Still, local competition is big especially among what Mark Gruwell calls the big six:, , , Toyota, Honda and Nissan. Other brands are trying to catch up. Many of Chevrolet’s top-volume stores are in the Phoenix market.
Tough competitors include megadealers such as the Van Tyl group and, the country’s top dealership chain.
The Gruwell brothers’ brother-in-law, Jason Church, is sales director and oversees Courtesy’s Internet operations.
“The competition is fierce and maintaining a strong presence online is crucial,” Church says. “Of the top Chevy dealerships in the western region, the majority are based in Phoenix.
Courtesy remains No.1, “but it’s a daily battle to keep ahead, and on the digital landscape the competition is fierce.”
Africa-born Churchhad worked for a large global company in the U.K. and South Africa. He joined the family dealership “just in time to see the world turn upside down in 2008, so it was a real baptism of fire,” he says.
Internet marketing helps drive overall success, Church says. “If our Internet team has a good day, the store has a good day in sales.” The 12-person Internet department works leads, schedules appointments and “gets customers into the store,” Church says.
Courtesy uses sophisticated online tools, he says.“We look at everything to see if it’s a good tool. We continually push our vendors to help us do more to win online and focus relentlessly on our online reputation. That’s vital to being No.1.”
The family believes in changing with the times. When GM called on dealers to upgrade their facilities as part of image-enhancement projects, the Gruwell brothers were ahead of the curve.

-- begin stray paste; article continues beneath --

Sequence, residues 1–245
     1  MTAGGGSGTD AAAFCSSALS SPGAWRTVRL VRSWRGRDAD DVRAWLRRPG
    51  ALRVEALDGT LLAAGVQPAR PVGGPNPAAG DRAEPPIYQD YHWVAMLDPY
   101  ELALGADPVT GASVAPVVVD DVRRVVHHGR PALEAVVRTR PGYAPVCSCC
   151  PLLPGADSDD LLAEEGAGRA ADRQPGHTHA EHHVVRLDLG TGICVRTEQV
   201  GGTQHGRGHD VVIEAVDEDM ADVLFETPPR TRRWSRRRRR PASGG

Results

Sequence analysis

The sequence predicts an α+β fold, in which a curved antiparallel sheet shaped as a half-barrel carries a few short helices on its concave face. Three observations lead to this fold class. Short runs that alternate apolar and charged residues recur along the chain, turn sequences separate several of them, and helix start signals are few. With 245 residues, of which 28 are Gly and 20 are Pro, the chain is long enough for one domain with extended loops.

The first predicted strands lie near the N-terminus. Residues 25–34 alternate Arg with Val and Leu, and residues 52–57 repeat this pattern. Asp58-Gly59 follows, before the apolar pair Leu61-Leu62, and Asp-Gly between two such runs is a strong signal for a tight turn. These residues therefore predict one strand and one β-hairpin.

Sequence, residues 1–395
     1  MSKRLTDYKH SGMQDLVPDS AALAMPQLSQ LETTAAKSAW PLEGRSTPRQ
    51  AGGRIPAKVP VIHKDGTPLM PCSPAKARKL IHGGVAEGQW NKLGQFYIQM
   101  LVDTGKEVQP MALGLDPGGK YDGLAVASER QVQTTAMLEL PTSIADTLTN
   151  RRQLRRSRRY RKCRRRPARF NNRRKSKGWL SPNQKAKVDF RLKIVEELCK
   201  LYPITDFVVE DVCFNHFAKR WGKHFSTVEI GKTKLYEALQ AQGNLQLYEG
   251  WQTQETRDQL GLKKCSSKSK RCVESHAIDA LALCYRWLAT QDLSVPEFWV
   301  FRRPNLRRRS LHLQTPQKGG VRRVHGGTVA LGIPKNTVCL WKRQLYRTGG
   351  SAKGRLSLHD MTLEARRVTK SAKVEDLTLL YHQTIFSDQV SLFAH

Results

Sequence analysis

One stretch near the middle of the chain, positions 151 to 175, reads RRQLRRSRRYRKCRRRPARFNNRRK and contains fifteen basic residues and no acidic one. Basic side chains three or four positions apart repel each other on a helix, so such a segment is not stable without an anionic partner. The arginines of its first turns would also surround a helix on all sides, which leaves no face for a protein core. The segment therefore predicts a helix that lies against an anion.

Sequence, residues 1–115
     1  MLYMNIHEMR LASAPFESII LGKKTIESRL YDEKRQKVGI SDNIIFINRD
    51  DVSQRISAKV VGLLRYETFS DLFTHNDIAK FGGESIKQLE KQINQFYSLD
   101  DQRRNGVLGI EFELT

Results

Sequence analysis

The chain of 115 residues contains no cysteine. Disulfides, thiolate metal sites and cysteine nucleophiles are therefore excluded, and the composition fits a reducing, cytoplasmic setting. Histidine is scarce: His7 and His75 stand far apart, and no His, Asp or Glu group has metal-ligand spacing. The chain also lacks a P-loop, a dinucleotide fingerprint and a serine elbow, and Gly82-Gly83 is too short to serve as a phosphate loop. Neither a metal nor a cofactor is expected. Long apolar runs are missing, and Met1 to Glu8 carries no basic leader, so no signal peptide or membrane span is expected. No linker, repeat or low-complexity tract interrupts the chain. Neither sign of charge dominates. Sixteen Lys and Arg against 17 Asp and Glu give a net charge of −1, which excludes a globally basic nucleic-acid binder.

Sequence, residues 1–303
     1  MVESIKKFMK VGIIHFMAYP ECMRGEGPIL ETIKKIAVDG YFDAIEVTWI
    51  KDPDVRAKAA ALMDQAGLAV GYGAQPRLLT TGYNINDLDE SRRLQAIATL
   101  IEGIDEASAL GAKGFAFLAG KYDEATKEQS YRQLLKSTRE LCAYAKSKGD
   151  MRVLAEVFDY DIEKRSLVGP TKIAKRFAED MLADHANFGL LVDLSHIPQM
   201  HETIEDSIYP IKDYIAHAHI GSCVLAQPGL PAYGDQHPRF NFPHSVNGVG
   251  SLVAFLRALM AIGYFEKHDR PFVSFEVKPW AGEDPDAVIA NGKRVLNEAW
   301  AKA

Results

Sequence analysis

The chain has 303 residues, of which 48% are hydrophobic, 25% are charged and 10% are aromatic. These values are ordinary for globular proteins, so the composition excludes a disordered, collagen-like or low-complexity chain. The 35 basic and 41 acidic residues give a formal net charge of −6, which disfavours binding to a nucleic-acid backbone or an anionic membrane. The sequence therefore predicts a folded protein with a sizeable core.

Phoenix store renovations began in 2007 before the current image program was launched. San Diego upgrades were completed in June. “Customers are so delighted with the changes; it’s improved our business overall,” Mark Gruwell says.
Both Phoenix andSan Diego are on the comeback trail. “The market is definitely getting stronger, and we’re seeing double-digit growth as demand for Chevy products gets stronger,” Mark Gruwell says. “New, used, fleet and service are all strong.”
He also points to better product of late. In a recent J.D. Power and Associates quality rating, GM nailed eight awards, including five for Chevrolet. Consumer Reports named the Impala the best vehicle in the midsize segment.
“GM is seeing the fruits of their labor in R&D (research and development,” Scott Gruwell says. “The new Silverado (pickup) is beautiful, and (several) vehicles are getting high accolades for quality. The leadership of GM is going in the right direction. There’s no reason Chevrolet can’t be a dominant global brand.”
The ’14 Chevy Cruze clean diesel gets great fuel economy and the upcoming electric-vehicle version of the Chevy Spark subcompact represents “a complete culture change,” Scott Gruwell says.
Are there expansion plans in their future?
“Our plans are to grow the portfolio,” Mark Gruwell says. “You’ve got to be entrepreneurial and you’ve got to adapt to the times. We’ve done a great job of marketing our brand and company. It has helped us succeed in difficult times.”
His brother agrees. “The desire is there to expand what we do here in the future, and with other manufacturers.”